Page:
Tuesday, August 25, 2009


One of the finest features of a Hampden-Sydney education is the "Rhetoric Requirement." Many Colleges and Universities require students to take composition courses, but rarely do they come anywhere near HSC's rigorous standard. Stanley Fish's latest blog article in the New York Times--What Should Colleges Teach?--gives a sense of state of things elsewhere. Several years ago Fish was disturbed to learn that most of the "composition" courses being taught by graduate students at his University actually taught very little about the craft of writing. The common pattern was for students to discuss something (like an essay, TV show, or controversial topic) and then write about it, however there was little or no instruction in basic grammar or the art of argument.

As I learned more about the world of composition studies I came to the conclusion that unless writing courses focus exclusively on writing they are a sham, and I advised administrators to insist that all courses listed as courses in composition teach grammar and rhetoric and nothing else. This advice was contemptuously dismissed by the composition establishment, and I was accused of being a reactionary who knew nothing about current trends in research. Now I have received (indirect) support from a source that makes me slightly uncomfortable... (source)

At Hampden-Syndney, on the other hand, everyone must prove proficiency in Rhetoric in order to graduate, irregardless of Major. "Proficiency" had two parts: passing a test of pure grammar knowledge and then passing a creative-writing essay test. In other words, you had to be able to prove that you know the rules of grammar and then creatively apply those rules in a cohesive essay. Neither of these tests are easy, the majority of students fail the first (Freshman-year) attempt. Luckily we all have four years to learn and try again. Students that struggle get extra help.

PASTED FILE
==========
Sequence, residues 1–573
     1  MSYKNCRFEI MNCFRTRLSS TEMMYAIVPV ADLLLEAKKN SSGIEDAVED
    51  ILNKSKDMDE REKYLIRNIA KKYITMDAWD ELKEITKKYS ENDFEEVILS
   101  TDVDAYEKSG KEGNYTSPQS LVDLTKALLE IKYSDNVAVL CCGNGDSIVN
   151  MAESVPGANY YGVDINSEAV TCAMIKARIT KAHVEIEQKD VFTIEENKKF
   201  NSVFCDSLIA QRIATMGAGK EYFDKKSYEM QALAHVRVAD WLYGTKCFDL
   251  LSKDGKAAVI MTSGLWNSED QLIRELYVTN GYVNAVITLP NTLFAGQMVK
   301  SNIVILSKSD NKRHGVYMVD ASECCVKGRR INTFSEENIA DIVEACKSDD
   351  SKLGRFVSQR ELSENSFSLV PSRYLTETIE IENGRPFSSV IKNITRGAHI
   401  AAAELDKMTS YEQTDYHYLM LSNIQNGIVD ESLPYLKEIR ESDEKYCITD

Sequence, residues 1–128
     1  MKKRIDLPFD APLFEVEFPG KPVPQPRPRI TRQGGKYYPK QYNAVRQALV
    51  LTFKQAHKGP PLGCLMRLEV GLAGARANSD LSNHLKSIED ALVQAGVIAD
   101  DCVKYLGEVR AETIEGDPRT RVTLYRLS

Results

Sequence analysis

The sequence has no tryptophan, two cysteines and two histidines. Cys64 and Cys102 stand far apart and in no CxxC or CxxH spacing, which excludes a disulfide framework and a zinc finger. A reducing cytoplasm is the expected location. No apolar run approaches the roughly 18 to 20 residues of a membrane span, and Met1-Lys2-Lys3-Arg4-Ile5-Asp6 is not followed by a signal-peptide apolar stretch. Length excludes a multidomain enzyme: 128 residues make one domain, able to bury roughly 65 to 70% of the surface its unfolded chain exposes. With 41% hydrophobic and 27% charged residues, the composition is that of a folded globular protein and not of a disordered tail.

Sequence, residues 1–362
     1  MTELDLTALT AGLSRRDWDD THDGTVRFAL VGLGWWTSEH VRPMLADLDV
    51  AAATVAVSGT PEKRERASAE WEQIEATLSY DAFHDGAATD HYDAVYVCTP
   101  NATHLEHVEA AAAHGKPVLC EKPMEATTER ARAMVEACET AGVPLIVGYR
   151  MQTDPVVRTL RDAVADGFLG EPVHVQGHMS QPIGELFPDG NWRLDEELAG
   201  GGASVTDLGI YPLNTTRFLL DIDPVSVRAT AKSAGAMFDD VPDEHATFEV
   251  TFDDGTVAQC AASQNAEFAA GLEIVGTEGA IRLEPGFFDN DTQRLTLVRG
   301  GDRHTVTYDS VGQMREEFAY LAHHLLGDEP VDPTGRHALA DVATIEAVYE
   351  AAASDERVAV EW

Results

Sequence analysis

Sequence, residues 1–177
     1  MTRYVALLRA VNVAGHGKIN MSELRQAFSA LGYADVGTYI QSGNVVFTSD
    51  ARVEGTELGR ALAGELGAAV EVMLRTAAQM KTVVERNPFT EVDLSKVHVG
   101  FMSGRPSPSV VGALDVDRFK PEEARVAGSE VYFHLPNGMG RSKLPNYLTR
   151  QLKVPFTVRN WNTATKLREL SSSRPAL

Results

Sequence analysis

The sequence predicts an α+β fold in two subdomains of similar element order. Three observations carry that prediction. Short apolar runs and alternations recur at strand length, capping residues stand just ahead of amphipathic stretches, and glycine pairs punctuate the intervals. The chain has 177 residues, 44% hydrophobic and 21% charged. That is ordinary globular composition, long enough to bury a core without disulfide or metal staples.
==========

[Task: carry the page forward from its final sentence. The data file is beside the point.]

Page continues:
The result is that all Hampden-Sydney graduates (even those majoring in "hard" sciences) have excellent writing skills. At the very least they know what a comma splice looks like! This sensibility seems to pervade the academic culture across disciplines at Hampden-Syndney: you were expected to write well (and correctly) in all your course work.

When I was a Teaching Assistant at Yale for an undergraduate course I was shocked at how poor writing is tolerated. All kinds of mistakes would be passed back to the students without a jot of red ink. I made it a point of principle to take to time to at least note the mistakes. How else will they learn? Many of my colleagues at the graduate level discovered they had a lot to learn about how to write, as well.

So Stanley Fish's argument that basic composition courses should focus on basic composition rings true to my experience. I am thankful that my Liberal Arts education put so much emphasis on something as foundational as writing!


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